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When you first learn to sail, you'll quickly learn that--between the parts of the boat and basic sailing techniques--there is much to absorb. But, one of the most important lessons you'll learn is to watch the weather. Any good sailing guide should cover how the weather affects your sailing and sailing technique. You should actually begin looking at weather forecasts up to a week before you sail. If you record such weather conditions--and the weather changes that follow--you will be able to better predict conditions for the sailing excursion you have planned.
Every time you are on your sailboat, you should record all details about the weather including wind condition and direction, cloud cover and how the wind affects the water surface and waves. One of the best sailing tips you can get is to find a good book or Internet site that describes different types of cloud cover such as Cirrus, Altostratus, Cumulus and Cirrostratus. But, your record book should also indicate not just what you saw but the changes that occurred in the weather during your sail. That way, over time you can understand the weather and wind patterns in your area at different times of the year. Here is some additional sailing advice with regard to the weather:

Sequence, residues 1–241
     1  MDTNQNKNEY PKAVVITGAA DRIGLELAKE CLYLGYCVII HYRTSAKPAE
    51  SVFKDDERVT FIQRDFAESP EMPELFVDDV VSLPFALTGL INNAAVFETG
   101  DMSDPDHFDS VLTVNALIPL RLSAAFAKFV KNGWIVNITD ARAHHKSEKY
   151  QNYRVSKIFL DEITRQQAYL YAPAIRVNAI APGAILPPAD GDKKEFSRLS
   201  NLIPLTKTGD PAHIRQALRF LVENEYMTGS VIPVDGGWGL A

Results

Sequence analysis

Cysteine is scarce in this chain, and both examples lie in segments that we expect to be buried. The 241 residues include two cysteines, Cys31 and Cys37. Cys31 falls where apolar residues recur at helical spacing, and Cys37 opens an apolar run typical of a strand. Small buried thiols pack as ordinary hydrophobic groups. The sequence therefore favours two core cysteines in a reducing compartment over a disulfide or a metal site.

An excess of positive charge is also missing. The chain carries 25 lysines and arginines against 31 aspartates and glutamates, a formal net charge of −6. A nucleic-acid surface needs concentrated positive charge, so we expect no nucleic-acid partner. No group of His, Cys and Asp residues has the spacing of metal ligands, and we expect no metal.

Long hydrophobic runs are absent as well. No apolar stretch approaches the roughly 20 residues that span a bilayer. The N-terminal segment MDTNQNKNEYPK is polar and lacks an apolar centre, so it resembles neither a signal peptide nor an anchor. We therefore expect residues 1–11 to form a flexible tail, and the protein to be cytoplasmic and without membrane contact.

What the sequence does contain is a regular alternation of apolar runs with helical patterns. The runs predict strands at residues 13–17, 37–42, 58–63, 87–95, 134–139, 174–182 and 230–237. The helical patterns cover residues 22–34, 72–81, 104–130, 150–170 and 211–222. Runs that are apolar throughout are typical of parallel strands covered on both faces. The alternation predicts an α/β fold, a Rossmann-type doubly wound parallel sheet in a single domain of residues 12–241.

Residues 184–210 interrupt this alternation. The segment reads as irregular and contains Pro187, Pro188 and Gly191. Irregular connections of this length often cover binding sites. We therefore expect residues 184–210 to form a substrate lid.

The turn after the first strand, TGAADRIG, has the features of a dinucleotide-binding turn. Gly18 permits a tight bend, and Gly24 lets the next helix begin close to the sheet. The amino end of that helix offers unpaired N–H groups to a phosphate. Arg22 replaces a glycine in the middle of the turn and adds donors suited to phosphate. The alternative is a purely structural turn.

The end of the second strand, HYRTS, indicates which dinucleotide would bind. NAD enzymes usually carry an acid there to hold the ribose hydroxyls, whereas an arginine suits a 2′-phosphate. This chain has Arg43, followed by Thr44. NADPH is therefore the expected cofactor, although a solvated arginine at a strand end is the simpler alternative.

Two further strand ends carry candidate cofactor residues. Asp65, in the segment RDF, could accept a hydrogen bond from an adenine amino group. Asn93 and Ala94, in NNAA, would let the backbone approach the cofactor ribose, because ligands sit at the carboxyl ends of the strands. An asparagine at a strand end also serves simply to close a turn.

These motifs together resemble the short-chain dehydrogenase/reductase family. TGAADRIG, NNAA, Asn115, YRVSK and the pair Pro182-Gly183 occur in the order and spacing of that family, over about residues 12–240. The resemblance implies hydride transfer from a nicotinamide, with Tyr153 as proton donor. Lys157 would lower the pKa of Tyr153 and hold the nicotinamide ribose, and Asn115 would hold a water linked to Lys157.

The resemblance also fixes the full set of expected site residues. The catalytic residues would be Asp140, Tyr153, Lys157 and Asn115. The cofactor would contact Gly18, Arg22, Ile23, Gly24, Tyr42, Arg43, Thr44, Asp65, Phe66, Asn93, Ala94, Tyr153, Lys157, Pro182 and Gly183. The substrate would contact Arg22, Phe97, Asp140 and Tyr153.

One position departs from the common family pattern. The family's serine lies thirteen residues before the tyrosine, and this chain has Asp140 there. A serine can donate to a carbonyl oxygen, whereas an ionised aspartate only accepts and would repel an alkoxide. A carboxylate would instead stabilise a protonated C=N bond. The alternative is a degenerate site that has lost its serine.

*Learn to observe sea swells closely. Are they from an offshore storm? Are there white caps?
*Utilize a wind-angle indicator if you have one. If this information is translated to the cockpit, write it down in your log book.
*Note the direction of the wind by standing over your compass, feeling the wind on your face and determining its direction. Is it chilly? What does that usually predict in your area?
Remember the weather is fickle and storms can arise quickly and possibly capsize your boat. The more you learn about weather and the better your written records are, the better able you will be to choose the best sailing time of the day or week.
|Jennifer Mathes, Ph.D.|